Coming Soon:

The following books by Robert Paul Wolff are available on Amazon.com as e-books: KANT'S THEORY OF MENTAL ACTIVITY, THE AUTONOMY OF REASON, UNDERSTANDING MARX, UNDERSTANDING RAWLS, THE POVERTY OF LIBERALISM, A LIFE IN THE ACADEMY, MONEYBAGS MUST BE SO LUCKY, AN INTRODUCTION TO THE USE OF FORMAL METHODS IN POLITICAL PHILOSOPHY.
Now Available: Volumes I, II, III, and IV of the Collected Published and Unpublished Papers.

NOW AVAILABLE ON YOUTUBE: LECTURES ON KANT'S CRITIQUE OF PURE REASON. To view the lectures, go to YouTube and search for "Robert Paul Wolff Kant." There they will be.

To contact me about organizing, email me at rpwolff750@gmail.com




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Friday, March 31, 2017

CHRIS'S LIST

Chris linked to this list of 117 House Democrats not currently co-signing a call for Medicare for all.  I checked and my supposedly reliably liberal Rep, David Price, is, alas, on the list.  I shall call him today.  Thank you, Chris.

6 comments:

Jim Westrich said...

This is important work. The proposal has sound and progressive financing. Moving to a universal insurance would be a tremendous health benefit but also a boon to all those beholden to employers for health coverage. The two greatest benefits to the ACA have been the expansion of Medicaid and the increased mobility of workers (it is quiet visible in the data when you see lots of workers who now work part time because they prefer it when they would be forced to work full time without ACA access to coverage).

Chris said...

I'm wondering if I should even both calling all my Georgia reps, who are essentially Trump's lickspittle.

Jerry Fresia said...

If one wish to focus on reps that are on the fence but leaning toward supporting single-payer, I would suggest targeting members of the House Progressive Caucus, which has as a group endorsed HR 676 - the health bill gold standard, but who have as yet, not committed. Currently there are 77 co-sponsors of HR 676 .

And here are the 19 members of the House Progressive Caucus who have yet sign on as co-sponsors. They are: Ruben Gallego (Arizona), Maxine Waters (California), Jared Polis (Colorado), Rosa DeLauro (Connecticut), Lisa Blunt Rochester (Delaware), Val Demings (Florida), Lois Frankel (Florida), Andre Carson (Indiana), Dave Loebsack (Iowa), Anthony Brown (Maryland), Joseph Kennedy (Massachusetts), Debbie Dingell (Michigan), Ruben Kihuen (Nevada), Carol Shea Porter (New Hampshire), Frank Pallone (New Jersey), David Cicilline (Rhode Island), Eddie Bernice Johnson (Texas) Lloyd Doggett (Texas) and Don Beyer (Virginia).)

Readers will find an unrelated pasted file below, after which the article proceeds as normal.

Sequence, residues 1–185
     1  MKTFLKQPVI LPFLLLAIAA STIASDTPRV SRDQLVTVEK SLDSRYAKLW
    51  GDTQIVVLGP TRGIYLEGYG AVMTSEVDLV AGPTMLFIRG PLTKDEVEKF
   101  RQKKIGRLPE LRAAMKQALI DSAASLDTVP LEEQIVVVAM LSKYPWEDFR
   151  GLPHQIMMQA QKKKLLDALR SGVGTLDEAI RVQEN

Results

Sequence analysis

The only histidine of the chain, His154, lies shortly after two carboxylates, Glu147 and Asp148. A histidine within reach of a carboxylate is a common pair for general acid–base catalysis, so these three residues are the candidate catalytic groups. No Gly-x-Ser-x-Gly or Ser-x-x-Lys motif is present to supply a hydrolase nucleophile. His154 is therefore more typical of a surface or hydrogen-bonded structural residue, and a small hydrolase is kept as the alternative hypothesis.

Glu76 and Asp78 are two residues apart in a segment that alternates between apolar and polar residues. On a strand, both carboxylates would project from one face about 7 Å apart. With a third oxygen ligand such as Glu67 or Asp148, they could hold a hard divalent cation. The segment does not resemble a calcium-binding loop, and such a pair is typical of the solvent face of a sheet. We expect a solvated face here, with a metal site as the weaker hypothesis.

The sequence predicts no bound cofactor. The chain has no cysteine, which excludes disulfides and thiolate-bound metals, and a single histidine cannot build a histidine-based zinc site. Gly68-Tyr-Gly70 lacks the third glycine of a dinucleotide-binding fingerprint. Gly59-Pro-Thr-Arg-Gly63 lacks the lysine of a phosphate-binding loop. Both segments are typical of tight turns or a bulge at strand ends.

TheDudeDiogenes said...

I just called both my Senators and my Representative; all three of them support Sen. Sanders' bill.

David Palmeter said...

It puzzles me what’s behind this failure of Democrats to support single payer. Some, if not all, of them may believe that single payer is a pipe dream. I would agree that actually getting a single payer system in the foreseeable future is unlikely. But this is the start of a process that will require progressives to compromise in order to get something passed.

Progressives should start from what they really want, and give up as little as possible to gain improvement in Obamacare, e.g., a public option. Not supporting single payer at the outset--in an atmosphere where public support for Obamacare and is very strong--is to begin the bargaining process only after giving away a good part of what you want.

I found myself frustrated with Obama who seemed to start the process only after giving away a good portion of what he could have asked for. Hence, the bargaining began where he expected to end up--which meant that he didn’t end up there. He thought he could make the compromises at the start and that Republicans would agree with his proposal. Apparently that worked in the Illinois legislature as it worked in the US Congress in the past, but it doesn’t work there anymore.

Chris said...

"It puzzles me what’s behind this failure of Democrats to support single payer."

Money in politics. Case closed.